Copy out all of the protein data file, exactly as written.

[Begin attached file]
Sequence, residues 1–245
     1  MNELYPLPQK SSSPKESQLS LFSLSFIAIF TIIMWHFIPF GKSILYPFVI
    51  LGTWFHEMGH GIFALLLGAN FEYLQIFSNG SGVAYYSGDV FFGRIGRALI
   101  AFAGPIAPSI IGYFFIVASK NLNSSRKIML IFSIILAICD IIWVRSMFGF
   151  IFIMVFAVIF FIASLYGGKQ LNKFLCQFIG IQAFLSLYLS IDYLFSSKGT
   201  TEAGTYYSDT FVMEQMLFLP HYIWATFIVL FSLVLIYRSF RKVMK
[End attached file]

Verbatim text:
Sequence, residues 1–245
     1  MNELYPLPQK SSSPKESQLS LFSLSFIAIF TIIMWHFIPF GKSILYPFVI
    51  LGTWFHEMGH GIFALLLGAN FEYLQIFSNG SGVAYYSGDV FFGRIGRALI
   101  AFAGPIAPSI IGYFFIVASK NLNSSRKIML IFSIILAICD IIWVRSMFGF
   151  IFIMVFAVIF FIASLYGGKQ LNKFLCQFIG IQAFLSLYLS IDYLFSSKGT
   201  TEAGTYYSDT FVMEQMLFLP HYIWATFIVL FSLVLIYRSF RKVMK